Object detection and segmentation using discriminative learning Public Deposited

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  • March 21, 2019
  • Zhang, Jingdan
    • Affiliation: College of Arts and Sciences, Department of Computer Science
  • Object detection and segmentation algorithms need to use prior knowledge of objects' shape and appearance to guide solutions to correct ones. A promising way of obtaining prior knowledge is to learn it directly from expert annotations by using machine learning techniques. Previous approaches commonly use generative learning approaches to achieve this goal. In this dissertation, I propose a series of discriminative learning algorithms based on boosting principles to learn prior knowledge from image databases with expert annotations. The learned knowledge improves the performance of detection and segmentation, leading to fast and accurate solutions. For object detection, I present a learning procedure called a Probabilistic Boosting Network (PBN) suitable for real-time object detection and pose estimation. Based on the law of total probability, PBN integrates evidence from two building blocks, namely a multiclass classifier for pose estimation and a detection cascade for object detection. Both the classifier and detection cascade employ boosting. By inferring the pose parameter, I avoid the exhaustive scan over pose parameters, which hampers real-time detection. I implement PBN using a graph-structured network that alternates the two tasks of object detection and pose estimation in an effort to reject negative cases as quickly as possible. Compared with previous approaches, PBN has higher accuracy in object localization and pose estimation with noticeable reduced computation. For object segmentation, I cast deformable object segmentation as optimizing the conditional probability density function p(C|I), where I is an image and C is a vector of model parameters describing the object shape. I propose a regression approach to learn the density p(C|I) discriminatively based on boosting principles. The learned density p(C|I) possesses a desired unimodal, smooth shape, which can be used by optimization algorithms to efficiently estimate a solution. To handle the high-dimensional learning challenges, I propose a multi-level approach and a gradient-based sampling strategy to learn regression functions efficiently. I show that the regression approach consistently outperforms state-of-the-art methods on a variety of testing datasets. Finally, I present a comparative study on how to apply three discriminative learning approaches - classification, regression, and ranking - to deformable shape segmentation. I discuss how to extend the idea of the regression approach to build discriminative models using classification and ranking. I propose sampling strategies to collect training examples from a high-dimensional model space for the classification and the ranking approach. I also propose a ranking algorithm based on Rankboost to learn a discriminative model for segmentation. Experimental results on left ventricle and left atrium segmentation from ultrasound images and facial feature localization demonstrate that the discriminative models outperform generative models and energy minimization methods by a large margin.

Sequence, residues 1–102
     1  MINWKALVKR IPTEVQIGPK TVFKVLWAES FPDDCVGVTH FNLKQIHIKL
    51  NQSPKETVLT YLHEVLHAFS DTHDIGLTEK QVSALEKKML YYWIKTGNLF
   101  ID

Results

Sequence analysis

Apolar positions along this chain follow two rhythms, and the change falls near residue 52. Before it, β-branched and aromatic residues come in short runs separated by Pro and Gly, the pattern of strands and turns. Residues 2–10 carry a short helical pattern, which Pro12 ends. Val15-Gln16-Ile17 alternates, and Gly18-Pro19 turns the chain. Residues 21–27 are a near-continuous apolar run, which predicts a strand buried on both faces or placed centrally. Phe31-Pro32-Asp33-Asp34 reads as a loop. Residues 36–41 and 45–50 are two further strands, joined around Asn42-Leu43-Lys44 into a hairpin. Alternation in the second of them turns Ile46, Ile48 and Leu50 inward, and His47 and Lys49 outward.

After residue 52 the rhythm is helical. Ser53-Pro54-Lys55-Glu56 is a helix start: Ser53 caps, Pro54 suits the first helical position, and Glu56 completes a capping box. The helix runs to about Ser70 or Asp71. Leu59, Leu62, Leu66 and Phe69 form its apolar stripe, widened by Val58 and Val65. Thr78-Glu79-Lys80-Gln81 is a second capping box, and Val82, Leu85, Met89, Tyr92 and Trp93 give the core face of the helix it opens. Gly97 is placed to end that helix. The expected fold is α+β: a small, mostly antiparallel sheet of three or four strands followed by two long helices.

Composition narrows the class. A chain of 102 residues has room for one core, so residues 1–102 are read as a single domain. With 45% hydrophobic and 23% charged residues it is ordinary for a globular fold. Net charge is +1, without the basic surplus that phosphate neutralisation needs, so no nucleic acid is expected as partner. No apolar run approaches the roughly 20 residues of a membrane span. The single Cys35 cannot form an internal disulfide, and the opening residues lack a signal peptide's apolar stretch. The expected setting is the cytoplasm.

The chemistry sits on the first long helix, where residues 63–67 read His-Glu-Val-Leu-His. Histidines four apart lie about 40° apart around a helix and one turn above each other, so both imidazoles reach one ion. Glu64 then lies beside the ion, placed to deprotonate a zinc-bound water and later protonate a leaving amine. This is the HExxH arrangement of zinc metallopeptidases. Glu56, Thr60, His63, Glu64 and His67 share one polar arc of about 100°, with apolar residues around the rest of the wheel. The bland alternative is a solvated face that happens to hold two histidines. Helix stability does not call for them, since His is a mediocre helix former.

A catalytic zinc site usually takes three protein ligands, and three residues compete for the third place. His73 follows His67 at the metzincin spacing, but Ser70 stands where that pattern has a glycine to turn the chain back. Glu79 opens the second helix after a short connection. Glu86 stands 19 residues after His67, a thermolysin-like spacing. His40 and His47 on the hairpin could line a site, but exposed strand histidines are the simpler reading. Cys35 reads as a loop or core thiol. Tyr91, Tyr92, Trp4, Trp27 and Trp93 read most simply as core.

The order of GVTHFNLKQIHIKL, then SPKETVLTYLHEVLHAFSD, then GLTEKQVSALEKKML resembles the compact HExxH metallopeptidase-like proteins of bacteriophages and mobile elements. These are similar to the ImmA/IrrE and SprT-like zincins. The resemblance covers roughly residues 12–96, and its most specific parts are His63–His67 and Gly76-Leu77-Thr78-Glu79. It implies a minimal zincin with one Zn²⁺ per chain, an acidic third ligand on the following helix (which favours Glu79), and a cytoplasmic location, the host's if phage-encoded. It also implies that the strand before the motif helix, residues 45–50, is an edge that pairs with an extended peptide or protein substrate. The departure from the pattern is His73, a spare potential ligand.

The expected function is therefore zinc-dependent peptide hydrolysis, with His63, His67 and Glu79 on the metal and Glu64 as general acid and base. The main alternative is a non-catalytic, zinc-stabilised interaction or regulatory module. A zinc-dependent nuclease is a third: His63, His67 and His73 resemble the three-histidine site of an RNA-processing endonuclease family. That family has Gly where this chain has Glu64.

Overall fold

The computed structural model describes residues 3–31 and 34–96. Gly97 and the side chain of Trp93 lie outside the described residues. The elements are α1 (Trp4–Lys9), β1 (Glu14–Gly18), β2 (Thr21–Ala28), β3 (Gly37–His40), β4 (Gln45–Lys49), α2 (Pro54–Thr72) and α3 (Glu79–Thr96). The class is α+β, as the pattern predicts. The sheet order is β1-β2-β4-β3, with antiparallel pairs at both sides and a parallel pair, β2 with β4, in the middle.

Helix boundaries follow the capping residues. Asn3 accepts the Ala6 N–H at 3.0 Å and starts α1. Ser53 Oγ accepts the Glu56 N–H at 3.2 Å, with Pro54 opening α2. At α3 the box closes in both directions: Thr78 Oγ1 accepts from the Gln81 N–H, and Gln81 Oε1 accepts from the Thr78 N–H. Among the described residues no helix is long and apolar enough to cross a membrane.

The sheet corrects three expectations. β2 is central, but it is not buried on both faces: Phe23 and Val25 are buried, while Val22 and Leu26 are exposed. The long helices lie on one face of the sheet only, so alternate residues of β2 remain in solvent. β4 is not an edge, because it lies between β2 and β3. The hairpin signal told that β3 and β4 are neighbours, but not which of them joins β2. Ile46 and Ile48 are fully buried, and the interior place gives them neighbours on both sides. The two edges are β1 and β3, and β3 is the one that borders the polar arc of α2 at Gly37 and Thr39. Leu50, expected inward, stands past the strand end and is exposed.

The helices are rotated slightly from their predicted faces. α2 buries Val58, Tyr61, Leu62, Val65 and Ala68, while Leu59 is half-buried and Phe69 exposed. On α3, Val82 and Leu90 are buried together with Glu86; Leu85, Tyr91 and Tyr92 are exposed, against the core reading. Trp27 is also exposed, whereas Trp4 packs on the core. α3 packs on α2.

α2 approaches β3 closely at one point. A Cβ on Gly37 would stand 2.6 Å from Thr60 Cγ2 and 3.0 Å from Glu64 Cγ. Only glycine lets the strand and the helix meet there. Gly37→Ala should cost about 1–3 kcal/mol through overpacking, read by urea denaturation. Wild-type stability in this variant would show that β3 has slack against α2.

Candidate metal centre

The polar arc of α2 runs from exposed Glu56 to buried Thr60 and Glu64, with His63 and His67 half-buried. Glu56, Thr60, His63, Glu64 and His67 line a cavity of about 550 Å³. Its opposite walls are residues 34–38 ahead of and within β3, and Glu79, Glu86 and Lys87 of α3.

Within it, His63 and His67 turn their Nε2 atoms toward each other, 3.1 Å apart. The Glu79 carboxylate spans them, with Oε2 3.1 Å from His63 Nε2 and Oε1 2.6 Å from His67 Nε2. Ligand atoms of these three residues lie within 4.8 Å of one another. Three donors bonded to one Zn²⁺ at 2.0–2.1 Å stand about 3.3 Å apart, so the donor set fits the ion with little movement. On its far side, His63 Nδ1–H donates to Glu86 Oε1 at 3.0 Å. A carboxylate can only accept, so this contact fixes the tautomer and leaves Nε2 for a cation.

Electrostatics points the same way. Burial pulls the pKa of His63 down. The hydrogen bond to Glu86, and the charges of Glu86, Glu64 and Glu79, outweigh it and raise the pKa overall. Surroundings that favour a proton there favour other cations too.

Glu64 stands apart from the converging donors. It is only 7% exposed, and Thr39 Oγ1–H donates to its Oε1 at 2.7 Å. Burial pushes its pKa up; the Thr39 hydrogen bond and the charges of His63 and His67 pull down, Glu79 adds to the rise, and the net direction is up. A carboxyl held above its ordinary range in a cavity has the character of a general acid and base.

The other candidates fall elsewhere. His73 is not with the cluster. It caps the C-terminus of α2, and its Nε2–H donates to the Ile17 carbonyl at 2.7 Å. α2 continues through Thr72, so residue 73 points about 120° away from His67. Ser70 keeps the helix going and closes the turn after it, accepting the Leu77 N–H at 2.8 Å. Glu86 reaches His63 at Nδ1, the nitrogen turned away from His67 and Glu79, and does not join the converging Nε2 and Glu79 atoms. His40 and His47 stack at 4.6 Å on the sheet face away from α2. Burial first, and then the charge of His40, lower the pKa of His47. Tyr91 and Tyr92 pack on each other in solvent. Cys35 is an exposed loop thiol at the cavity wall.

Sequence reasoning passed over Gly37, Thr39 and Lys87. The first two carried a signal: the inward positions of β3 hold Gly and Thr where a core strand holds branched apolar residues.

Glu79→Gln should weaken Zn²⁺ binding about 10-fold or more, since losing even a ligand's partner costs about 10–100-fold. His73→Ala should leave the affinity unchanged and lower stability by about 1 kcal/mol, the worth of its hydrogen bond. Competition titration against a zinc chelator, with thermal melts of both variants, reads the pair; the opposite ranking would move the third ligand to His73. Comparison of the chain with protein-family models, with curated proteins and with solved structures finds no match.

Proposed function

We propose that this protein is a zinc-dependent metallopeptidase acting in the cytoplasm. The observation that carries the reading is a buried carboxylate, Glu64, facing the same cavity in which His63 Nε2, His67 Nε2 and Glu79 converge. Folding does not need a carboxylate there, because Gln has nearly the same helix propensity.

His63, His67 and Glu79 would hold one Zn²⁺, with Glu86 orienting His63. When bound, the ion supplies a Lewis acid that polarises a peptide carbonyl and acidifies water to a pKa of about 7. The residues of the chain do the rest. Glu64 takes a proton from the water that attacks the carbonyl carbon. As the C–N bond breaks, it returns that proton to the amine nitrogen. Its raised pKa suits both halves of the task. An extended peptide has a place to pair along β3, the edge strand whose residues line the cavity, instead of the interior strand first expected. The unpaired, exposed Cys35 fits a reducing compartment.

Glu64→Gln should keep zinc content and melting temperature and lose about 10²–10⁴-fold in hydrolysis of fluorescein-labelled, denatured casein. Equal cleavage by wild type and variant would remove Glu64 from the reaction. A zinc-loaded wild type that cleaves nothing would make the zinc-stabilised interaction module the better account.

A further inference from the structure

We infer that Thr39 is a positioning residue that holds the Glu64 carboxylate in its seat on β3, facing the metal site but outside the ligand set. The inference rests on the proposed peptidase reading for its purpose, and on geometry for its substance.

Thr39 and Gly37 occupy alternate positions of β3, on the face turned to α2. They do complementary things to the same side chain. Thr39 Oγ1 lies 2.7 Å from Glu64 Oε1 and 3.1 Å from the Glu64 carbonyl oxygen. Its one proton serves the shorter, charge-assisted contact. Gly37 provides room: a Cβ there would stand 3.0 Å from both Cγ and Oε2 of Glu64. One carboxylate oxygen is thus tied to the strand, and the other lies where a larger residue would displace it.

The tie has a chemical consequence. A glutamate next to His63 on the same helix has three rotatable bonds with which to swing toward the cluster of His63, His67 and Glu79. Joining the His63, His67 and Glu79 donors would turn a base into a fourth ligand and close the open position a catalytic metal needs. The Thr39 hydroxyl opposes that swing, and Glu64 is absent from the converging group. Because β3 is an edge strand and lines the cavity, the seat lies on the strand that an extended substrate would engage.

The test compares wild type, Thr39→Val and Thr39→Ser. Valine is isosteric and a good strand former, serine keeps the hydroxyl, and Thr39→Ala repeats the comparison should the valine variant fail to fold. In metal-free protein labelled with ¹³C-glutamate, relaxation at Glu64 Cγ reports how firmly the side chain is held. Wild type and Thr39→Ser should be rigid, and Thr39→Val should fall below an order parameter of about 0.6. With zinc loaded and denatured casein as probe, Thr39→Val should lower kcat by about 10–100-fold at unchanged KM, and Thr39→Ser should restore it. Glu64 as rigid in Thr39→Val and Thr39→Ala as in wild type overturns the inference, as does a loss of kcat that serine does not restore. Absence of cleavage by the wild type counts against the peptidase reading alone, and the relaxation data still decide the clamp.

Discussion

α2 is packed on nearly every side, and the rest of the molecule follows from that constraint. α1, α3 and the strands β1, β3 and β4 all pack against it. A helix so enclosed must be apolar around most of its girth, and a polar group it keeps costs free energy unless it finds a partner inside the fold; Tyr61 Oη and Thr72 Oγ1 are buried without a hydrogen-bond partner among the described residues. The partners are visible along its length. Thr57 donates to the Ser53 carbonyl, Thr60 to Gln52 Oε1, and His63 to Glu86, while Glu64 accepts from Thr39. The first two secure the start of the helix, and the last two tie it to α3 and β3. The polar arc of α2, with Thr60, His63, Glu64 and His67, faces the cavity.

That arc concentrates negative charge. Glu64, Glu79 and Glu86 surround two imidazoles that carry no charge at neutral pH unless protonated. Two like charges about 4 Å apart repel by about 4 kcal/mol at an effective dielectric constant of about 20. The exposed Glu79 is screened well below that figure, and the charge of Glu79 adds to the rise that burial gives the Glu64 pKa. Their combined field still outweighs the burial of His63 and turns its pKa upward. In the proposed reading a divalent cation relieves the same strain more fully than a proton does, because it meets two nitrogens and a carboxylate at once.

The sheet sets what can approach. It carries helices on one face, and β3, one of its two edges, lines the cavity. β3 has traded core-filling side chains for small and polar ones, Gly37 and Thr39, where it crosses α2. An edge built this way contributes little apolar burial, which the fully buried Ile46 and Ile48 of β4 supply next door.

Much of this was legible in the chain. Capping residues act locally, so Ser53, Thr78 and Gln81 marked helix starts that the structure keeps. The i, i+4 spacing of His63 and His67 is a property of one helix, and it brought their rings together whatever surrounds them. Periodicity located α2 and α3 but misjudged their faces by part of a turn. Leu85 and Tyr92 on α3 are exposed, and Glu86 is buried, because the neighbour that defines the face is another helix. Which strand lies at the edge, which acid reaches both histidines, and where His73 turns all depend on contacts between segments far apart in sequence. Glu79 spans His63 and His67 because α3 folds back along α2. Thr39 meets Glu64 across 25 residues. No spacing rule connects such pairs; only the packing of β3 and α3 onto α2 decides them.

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  • McMillan, Leonard
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  • University of North Carolina at Chapel Hill
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